Fixing our dangerous homes “would save billions in health and social care costs”

Fixing the dangerous homes lived in by older people would directly save the NHS and the social care sector more than £1.5 billion a year while delivering billions more in health benefits, newly published research reveals.  

New analysis from the Centre for Ageing Better reveals how poor-quality housing is incurring huge costs and pressures on the NHS and social care. They say that removing the most serious risks to people’s health and safety from the country’s poorest quality homes where the head of household is 55 or over would result in savings to the NHS of nearly £600 million per year.  
In addition, formal care costs for older people provided by professional caregivers could be reduced by £1.1 billion a year by 2027 by resolving poor quality home issues, according to new analysis by academics at the Care Policy and Evaluation Centre (CPEC), based at the London School of Economics and Political Science (LSE). 
The new LSE analysis indicates there is a potential for a further £3.5 billion annual savings in unpaid care costs for older people provided by family members, neighbours, or friends if the nation’s poor-quality housing crisis was resolved.

Previous research from the Centre for Ageing Better identified £19 billion of annual health benefits from investing more in home improvement.  

Dr Carole Easton OBE, Chief Executive at the Centre for Ageing Better, said: “There is a terrible personal cost for older people who live in homes that are making them ill and which have the potential to seriously injure and even kill them. Older people are more likely to live in a dangerous, damp or cold home and are among the most vulnerable to the health impacts which can exacerbate conditions such as asthma and arthritis, as well as increasing the risk of an acute episode such as a stroke or heart attack.  
“But this country’s poor-quality housing crisis also reaps a terrible cost on our already stretched health and social care sectors. Fixing unsafe homes is a value-for-money solution that will not only help people to live healthier and longer lives, but will also reduce pressures on health and social care.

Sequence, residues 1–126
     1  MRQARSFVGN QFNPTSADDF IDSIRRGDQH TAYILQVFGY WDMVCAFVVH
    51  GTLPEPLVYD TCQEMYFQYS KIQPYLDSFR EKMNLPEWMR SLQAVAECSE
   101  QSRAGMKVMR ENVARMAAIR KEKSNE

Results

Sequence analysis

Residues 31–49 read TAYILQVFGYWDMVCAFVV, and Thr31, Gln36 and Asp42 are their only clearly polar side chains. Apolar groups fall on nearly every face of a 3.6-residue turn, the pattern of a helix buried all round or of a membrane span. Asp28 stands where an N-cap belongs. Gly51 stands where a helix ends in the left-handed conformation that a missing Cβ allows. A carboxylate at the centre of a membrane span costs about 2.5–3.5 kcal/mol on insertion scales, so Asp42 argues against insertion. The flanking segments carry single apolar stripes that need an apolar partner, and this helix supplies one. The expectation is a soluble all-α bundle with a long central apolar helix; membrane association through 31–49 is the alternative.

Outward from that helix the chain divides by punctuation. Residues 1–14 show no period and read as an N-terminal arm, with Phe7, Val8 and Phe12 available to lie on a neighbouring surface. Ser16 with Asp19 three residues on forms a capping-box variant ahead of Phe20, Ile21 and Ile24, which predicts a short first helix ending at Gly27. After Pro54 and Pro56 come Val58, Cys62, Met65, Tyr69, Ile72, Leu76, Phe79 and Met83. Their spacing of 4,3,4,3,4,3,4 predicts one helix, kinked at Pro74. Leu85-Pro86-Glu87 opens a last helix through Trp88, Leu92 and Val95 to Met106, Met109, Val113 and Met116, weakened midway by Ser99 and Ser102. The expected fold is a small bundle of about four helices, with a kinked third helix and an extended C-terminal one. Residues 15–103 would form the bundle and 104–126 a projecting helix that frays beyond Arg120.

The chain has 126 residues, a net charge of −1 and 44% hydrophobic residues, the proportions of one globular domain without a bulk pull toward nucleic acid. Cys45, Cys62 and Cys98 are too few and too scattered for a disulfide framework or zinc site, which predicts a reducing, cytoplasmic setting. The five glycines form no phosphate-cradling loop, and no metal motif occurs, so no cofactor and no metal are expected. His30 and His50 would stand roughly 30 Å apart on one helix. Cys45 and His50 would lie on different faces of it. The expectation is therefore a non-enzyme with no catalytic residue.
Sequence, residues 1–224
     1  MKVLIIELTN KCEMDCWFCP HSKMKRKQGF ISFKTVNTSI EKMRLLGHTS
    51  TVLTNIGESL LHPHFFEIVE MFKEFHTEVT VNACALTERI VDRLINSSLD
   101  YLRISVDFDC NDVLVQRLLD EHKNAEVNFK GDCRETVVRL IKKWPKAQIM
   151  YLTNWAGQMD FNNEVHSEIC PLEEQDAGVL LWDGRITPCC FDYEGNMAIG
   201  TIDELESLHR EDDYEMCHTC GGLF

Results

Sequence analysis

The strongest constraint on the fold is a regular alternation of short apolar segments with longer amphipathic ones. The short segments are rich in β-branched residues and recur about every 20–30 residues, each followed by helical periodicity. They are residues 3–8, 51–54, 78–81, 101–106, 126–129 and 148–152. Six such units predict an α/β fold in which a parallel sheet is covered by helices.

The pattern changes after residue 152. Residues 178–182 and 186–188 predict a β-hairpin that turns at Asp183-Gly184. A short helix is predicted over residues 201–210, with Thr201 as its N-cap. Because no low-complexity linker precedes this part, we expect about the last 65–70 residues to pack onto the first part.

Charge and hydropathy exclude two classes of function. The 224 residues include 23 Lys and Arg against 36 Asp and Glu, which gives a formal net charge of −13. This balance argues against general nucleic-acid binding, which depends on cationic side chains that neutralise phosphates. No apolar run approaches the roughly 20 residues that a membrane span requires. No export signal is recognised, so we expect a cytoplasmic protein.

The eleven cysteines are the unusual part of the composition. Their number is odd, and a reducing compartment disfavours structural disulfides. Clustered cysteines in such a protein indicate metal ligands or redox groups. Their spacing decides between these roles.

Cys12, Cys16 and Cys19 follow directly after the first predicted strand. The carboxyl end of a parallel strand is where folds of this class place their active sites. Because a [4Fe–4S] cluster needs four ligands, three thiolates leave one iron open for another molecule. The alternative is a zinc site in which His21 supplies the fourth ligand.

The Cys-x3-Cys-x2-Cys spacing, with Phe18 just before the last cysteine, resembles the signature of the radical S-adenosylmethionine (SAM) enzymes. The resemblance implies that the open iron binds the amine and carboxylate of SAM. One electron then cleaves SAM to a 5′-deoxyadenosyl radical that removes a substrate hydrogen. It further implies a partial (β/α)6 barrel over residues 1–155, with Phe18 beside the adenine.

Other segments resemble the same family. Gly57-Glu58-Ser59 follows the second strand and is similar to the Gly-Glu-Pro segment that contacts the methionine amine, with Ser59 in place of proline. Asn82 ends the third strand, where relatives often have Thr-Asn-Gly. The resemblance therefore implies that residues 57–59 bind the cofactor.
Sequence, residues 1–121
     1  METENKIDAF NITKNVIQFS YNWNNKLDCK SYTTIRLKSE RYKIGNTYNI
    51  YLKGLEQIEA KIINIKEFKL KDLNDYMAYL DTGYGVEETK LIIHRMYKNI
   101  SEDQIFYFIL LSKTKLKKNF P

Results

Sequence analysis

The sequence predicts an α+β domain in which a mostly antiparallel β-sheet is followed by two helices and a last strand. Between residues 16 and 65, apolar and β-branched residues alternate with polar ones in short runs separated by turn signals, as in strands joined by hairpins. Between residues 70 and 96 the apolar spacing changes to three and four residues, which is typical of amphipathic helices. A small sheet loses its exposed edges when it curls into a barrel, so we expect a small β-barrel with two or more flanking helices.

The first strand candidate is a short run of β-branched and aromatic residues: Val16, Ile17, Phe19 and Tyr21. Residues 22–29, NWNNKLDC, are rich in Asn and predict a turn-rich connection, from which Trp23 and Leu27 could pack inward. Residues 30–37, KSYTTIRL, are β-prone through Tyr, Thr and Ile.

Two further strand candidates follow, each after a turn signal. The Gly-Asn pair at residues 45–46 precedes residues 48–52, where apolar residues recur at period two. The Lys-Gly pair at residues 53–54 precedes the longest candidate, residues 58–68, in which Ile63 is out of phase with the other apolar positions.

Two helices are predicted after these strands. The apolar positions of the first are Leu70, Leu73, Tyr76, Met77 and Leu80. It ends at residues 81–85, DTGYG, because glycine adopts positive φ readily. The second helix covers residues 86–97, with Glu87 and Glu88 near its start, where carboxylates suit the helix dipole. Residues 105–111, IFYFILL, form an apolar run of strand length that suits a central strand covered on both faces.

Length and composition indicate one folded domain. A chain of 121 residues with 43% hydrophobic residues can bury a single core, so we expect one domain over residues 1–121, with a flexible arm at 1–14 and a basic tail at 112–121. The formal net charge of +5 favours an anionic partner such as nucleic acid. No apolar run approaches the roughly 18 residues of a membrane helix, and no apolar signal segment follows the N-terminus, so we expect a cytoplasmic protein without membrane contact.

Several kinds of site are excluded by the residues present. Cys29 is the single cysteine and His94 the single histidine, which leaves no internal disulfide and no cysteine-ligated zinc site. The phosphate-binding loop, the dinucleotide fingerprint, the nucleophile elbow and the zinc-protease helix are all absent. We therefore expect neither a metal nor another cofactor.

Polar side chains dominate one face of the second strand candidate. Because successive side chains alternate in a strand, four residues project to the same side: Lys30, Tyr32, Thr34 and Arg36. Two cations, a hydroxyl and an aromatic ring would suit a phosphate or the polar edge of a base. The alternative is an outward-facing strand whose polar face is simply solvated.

“With so much supporting evidence pointing to significant benefits, it beggars belief that home improvement is not higher up the political agenda. Improving the country’s health cannot be done without improving the quality of our homes.” 
Counting the cost of poor housing

While people aged 55 and over live in around one in three of England’s non-decent homes, they account for more than half of the NHS’s annual first year treatment costs (£595 million) for injuries or illness as a result of poor-quality housing, according to new analysis conducted by the Building Research Establishment (BRE) for the Centre for Ageing Better.  
The scale of the health savings from home improvement means that the estimated £4.6 billion bill to repair all Category 1 hazards that pose a threat of death or serious injury in older people’s homes would be paid back in just under eight years, the new analysis reveals. 

Focusing investment just on mitigating excess cold, which claims the lives of up to 9,000 people a year in England and Wales, in every home in the country headed by an older person would deliver an estimated £325 million worth of savings to the NHS every year and pay back the repair costs within nine years. 
The Centre for Ageing Better recently launched the Safe Homes Now campaign with eight other charities including Barnardo’s, Asthma + Lung and St John Ambulance.  
The campaign is calling for a national strategy to tackle the poor quality of the country’s homes and has challenged the government to halve the number of non-decent homes, which currently totals 3.7 million, within the next ten years.  

The Centre for Ageing Better believes that the solution to resolving the national crisis of dangerous homes is the establishment of a national network of local one-stop shops called Good Home Hubs offering advice on home repairs, adaptations and energy efficiency improvements.   

Photo by Jen Theodore on Unsplash

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